Posts Tagged ‘woodford reserve’

road trip yo

Tuesday, August 2nd, 2011

Just in time for my next vacation (Michigan for a whole big Crockett family hoedown), I uploaded the pictures from my last vacation.

This was our route:
Thursday – Drive like hell. Stop in St. Louis. You can see from the picture above that we totes made it.

Somewhere in the middle of Kansas is where I started smelling this whole mess, but somewhere outside of St. Louis is where we discovered it. (Our rear seat heater melted Crockett’s backpack. It was a whole big thing. Thanks, Audi!)

In St. Louis Crockett was pissed about the backpack thing and I was mofo hungry. We were in an Eastern suburb of the city on a Thursday night and I really wanted BBQ, so I tracked down this 17th Street Barbeque place online.

I was both thrilled to be there and exhausted to the point of ridiculousness.

It was about 9 when we got there, and they officially closed at 10.

They were not thrilled to have us.

You know that feeling? When your server just wishes you’d get the hell out already? We sat in the bar, and there were other people there, but the staff were emptying ketchup bottles in plain view and asking ‘anything else’ every second.

They corned their own beef, though, and made a damn good Reuben. Plus, I had my first hushpuppy and found it fabulous. It was totally worth the server hating us.

Friday – We chose not to take the more direct route to our end destination of Buffalo. Instead, we headed a little south and carried on east until we arrived in …

central Kentucky! (Every mile or so I said ‘but BABE, it’s so GREEN’ and Crockett said ‘awww honey’ in that I-sometimes-forget-you-grew-up-in-a-quasi-desert voice.)

Why central Kentucky?

So we could visit someone?

Well, sort of. We were visiting the home of Woodford Reserve.

See, they make something like 98% of all bourbon in that part of KY. (It’s not technically bourbon if it’s not made in America.) Our original plan was to do at least part of the Kentucky Bourbon Trail, but we underestimated how long it would take us to get the hell out of St. Louis in the morning.

We chose Woodford because it was the only tour that charged ($5) and we figured that meant it had to be awesome.

It was.

The distillery is a whole bunch of buildings that are all over 100 years old, but the distillery building is the oldest – it was built in 1838 and I want to live there like you can’t even know.

This was my favorite part. While these look like little train tracks, they’re actually barrel tracks. As in, the barrels are delivered up the hill and rolled down to the distillery on the tracks. This tourist lady was standing right in the middle of them and I secretly hoped a barrel would come flying down and she’d have to dive out of the way.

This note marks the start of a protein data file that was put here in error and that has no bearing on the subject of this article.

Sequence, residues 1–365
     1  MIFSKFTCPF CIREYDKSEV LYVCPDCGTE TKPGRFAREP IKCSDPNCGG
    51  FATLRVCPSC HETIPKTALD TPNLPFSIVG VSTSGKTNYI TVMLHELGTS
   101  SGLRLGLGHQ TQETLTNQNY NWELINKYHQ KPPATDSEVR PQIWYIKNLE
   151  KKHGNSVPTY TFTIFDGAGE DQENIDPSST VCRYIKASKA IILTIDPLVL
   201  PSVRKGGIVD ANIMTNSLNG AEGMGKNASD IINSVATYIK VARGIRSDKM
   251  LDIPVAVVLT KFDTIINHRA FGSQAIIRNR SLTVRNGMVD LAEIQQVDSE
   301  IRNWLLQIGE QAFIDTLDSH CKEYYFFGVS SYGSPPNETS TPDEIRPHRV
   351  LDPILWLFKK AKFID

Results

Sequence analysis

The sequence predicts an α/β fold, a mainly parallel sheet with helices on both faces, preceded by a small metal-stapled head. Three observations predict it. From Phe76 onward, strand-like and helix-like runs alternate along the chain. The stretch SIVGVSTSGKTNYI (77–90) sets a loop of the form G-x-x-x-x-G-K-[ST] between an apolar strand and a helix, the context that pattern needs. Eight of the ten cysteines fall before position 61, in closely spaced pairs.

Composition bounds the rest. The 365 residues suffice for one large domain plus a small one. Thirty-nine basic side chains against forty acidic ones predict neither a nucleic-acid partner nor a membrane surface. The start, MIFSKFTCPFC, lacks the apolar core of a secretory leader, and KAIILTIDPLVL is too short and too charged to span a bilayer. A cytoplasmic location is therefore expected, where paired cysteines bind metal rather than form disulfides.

Sometimes I’m a bad person.

Inside the distillery was a whole bunch of stuff being distilled. Obviously. There was yeast and stuff in here, I think.

I was far more interested in the building.

How much do I want this to be my great room ceiling?

Hell, how much do I want a great room?

That’s not to say there wasn’t bourbon, though.

There was bourbon forevah.

Crockett could look but he couldn’t touch.

I was mostly picturing this big copper still thingy in my new stone great room.

After the tour there was dessert for Crockett…

and dessert for me. Pecan bourbon balls.

You could buy them in the gift shop, but they had a tray for us to munch on while we sipped our drinks. Crockett drank my drink and I ate his (and everyone else’s) bourbon balls.

Then, of course, we had to sit and eat, because it was wayyyy after lunch and we were in the middle of horse country with no other food prospect in sight.

Crockett ordered us a chicken salad sandwich.

I  love it when chicken salad has almonds and cranberries in it.

See? Horse country.

Friday night was a gigantic mess. I freaked out at about 9:30 and insisted that we GET OUT OF THE CAR RIGHT THEN, despite the fact that we were still two hours from our goal of Erie, PA.

We tried to stop in Mansfield, OH, and in return Mansfield tried to murder us. Several times. There were two seriously creepy motels, there were maps that lied about where we were, there were roads that went nowhere.

It was fucked up, y’all.

We ended up stopping at a Super 8 lord knows where. I just know we got about 20 miles north of Mansfield before we felt safe enough to stop the car. Fortunately, the Super 8 was across the street from a karaoke bar.

I will not post the video of me and Crockett singing Total Eclipse of the Heart. Or the video of Crockett singing Brother Love’s Travelin’ Salvation Show.

Mostly because we don’t want to have to fend off a bunch of record producers, ya know?

Saturday – We made it to Akron, NY, the little town outside of Buffalo that Crockett grew up in.

We were there through the 4th, so we got to see the hometown parade!

There were bands and approximately 17 million fire trucks. Everyone threw candy.

Candy and gum. (Yes, I am a classy lady, thank you for noticing). The two big companies (and by big I mean a couple hundred employees) in Crockett’s hometown are an ice cream factory (Perry’s) and a bubblegum factory (Ford Gum).

I know. He grew up in a Rockwell painting.

His fabulous parents fed us grilled Italian sausage, roasted asparagus, and baked beans made from Crockett’s grandmother Fay’s recipe.

If I’d known in advance how great those beans were, the proportions on this plate would have been a little different.

It’s entirely possible I ate them cold out of the fridge later while no one was watching.

After dinner we wandered around town, holding hands, until the fireworks started. We stopped under the nearest convenient tree to watch the show. Just picture me snuggled in next to Huck Finn up there.


Rockwell painting.

The drive was totally worth it.